A serial number is a unique number used for identification. Serial numbers are made in such a way that they change by a fixed discrete integer value, each time a new serial number is needed. Most people refer to any identifier that has numbers and letters in it as a serial number and that can be used to pick a certain item of a large number of items. Not every numerical identifier is a serial number; identifying numbers which are not serial numbers are sometimes called nominal numbers.
Sequence numbers are almost always non-negative, and typically start at zero or one.
What are serial numbers used for?[change | change source]
Serial numbers can be very useful for quality control. That way, if there is a problem with a certain batch of products, the serial number of one defective item can tell which items are affected by the problem. Serial numbers can also be used against stealing or imitating products, because it is possible to keep track of which serial numbers have been used. Stolen goods or those with problems can be identified more easily.
Many computer programs come with serial numbers, often called "Compact Disc keys", and the installers often require the user to enter a valid serial number to continue. These numbers are verified using a certain algorithm to avoid usage of counterfeit keys.
The International Standard Serial Number or ISSN can be seen on magazines and other periodicals. It is the similar to the International Standard Book Number (ISBN) for books. It is serially assigned but takes its name from the library science use of serial to mean a periodical, like a newspaper.
The term "serial number" is also used in military formations as an alternative to the expression "service number"[source?]. In air forces the serial number is used to identify a specific aircraft. It is usually painted on both sides of the aircraft, most often in the tail area, although in some cases the serial is painted on the side of the aircraft's fin/rudder(s). Because of this, the serial number is sometimes called a "tail number".
In the case of the UK Royal Air Force (RAF) the "Serial" takes the form of two letters followed by three numbers, e.g., BT308—the prototype Avro Lancaster, or XS903—an English Electric Lightning F.6 at one time based at RAF Binbrook . During the Second World War RAF aircraft carrying secret equipment or that were in themselves secret had "/G" added to the end of the serial, the "G" signifying "Guard", denoting that the aircraft was to have an armed guard at all times while on the ground, e.g., LZ548/G—the prototype de Havilland Vampire jet fighter, or ML926/G—a de Havilland Mosquito XVI experimentally fitted with H2S radar. Prior to this two-letter, three-number scheme, the RAF and preceding Royal Flying Corps (RFC) used a serial with a letter followed by four numbers, e.g., D8096 - a Bristol F.2 Fighter currently owned by the Shuttleworth Collection, or K5054 - the prototype Supermarine Spitfire. The aircraft serial number does not change.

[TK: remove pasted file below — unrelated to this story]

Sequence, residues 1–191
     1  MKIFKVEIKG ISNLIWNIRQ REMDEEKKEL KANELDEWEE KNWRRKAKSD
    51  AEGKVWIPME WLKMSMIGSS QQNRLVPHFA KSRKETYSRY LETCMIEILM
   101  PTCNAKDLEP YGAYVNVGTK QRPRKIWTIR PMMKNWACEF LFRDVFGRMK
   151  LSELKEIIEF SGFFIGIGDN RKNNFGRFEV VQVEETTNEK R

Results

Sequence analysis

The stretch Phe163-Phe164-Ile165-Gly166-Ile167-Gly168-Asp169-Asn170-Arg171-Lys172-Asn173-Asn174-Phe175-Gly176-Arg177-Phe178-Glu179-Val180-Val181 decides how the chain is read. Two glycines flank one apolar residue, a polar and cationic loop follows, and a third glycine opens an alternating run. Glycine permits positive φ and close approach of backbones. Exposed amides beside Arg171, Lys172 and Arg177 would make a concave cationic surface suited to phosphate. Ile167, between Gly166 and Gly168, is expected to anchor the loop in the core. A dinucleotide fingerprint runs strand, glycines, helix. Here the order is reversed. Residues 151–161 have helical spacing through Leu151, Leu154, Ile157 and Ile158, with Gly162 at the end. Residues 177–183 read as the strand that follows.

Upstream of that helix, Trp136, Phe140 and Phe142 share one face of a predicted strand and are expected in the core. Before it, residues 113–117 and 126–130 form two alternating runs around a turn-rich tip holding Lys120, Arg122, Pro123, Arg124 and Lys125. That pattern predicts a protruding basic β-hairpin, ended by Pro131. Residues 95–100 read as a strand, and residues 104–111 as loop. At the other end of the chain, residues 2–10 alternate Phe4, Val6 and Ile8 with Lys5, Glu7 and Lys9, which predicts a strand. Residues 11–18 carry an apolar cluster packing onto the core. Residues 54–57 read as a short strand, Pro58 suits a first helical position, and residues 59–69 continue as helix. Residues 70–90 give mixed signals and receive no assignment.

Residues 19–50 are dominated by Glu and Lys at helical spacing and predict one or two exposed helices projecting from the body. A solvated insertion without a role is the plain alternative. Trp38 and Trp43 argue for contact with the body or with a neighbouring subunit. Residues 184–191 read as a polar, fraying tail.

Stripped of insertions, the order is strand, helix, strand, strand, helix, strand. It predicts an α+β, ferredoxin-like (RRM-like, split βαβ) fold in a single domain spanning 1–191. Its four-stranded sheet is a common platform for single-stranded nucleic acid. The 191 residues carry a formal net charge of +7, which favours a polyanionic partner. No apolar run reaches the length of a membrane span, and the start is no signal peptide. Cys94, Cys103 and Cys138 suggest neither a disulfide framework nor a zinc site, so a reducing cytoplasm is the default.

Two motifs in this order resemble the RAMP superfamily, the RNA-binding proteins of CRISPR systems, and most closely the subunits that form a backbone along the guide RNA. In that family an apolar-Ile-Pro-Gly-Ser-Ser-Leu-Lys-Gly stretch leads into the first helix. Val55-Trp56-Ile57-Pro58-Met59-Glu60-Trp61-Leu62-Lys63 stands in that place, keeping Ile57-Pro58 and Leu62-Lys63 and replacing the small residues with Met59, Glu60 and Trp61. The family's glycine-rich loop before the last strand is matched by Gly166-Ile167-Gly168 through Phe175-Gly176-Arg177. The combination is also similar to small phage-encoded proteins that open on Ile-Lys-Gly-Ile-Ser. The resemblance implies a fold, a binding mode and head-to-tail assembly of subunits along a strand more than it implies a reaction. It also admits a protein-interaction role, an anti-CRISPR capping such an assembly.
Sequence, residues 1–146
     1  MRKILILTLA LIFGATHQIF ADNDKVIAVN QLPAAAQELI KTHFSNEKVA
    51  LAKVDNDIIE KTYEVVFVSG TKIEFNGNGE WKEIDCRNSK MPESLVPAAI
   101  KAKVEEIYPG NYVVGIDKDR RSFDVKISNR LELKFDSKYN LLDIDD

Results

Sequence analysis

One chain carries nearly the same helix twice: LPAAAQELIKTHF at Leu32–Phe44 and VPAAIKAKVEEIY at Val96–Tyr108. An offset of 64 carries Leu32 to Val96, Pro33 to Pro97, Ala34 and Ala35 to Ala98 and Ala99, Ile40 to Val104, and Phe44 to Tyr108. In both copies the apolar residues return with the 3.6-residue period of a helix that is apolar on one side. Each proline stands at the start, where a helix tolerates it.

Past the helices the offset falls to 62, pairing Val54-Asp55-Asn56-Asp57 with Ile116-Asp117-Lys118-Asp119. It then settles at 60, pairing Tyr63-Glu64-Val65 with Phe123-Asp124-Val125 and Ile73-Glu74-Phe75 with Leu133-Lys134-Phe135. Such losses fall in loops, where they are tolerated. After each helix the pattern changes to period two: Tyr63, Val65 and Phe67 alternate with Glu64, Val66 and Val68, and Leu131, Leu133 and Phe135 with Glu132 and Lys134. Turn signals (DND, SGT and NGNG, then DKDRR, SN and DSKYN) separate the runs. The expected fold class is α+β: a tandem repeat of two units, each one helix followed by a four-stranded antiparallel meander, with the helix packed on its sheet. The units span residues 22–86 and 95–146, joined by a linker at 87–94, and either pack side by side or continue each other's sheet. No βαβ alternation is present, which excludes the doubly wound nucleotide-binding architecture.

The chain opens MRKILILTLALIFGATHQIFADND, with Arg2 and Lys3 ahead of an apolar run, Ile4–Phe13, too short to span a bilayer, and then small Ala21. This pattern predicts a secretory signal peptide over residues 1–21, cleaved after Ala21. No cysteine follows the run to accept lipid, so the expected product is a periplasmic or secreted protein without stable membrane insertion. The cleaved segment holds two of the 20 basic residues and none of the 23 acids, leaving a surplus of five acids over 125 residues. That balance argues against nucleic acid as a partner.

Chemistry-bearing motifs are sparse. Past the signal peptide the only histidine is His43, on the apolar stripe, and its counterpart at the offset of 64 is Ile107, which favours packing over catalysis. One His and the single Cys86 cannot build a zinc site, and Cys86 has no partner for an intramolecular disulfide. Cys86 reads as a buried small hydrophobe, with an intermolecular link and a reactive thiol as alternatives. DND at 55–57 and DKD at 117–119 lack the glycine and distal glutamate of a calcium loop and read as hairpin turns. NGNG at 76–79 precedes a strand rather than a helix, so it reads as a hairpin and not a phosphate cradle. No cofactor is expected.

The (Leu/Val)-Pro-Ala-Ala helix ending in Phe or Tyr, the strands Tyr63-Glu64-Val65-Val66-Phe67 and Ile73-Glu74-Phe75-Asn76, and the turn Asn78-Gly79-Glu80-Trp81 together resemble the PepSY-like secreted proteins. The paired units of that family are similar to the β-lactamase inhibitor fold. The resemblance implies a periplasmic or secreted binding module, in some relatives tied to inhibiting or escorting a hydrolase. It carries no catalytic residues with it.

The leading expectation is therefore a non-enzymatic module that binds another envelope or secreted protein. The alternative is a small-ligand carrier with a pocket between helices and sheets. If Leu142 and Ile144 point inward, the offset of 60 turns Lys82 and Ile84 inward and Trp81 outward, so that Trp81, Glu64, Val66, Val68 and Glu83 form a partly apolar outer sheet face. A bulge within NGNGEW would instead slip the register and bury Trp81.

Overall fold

Serial number arithmetic[change | change source]
Serial numbers are often used in network protocols. However, most sequence numbers in computer protocols are limited to a fixed number of bits, and will wrap around after a sufficiently many numbers have been allocated. Thus, recently-allocated serial numbers may duplicate very old serial numbers, but not other recently-allocated serial numbers. To avoid ambiguity with these non-unique numbers, RFC 1982, "Serial Number Arithmetic" defines special rules for calculations involving these kinds of serial numbers.
Lollipop sequence number spaces are a more recent and sophisticated scheme for dealing with finite-sized sequence numbers in protocols.
Related pages[change | change source]
- Nominal number
- Numbering scheme
- Names of numbers in English
- United Kingdom military aircraft serials
- United States military aircraft serials
References[change | change source]
- Elz, R., and R. Bush, RFC 1982 "Serial Number Arithmetic", Network Working Group, August 1996.
- Plummer, William W. "Sequence Number Arithmetic" Archived 2008-12-21 at the Wayback Machine. Cambridge, Massachusetts: Bolt Beranek and Newman, Inc., 21 September 1978.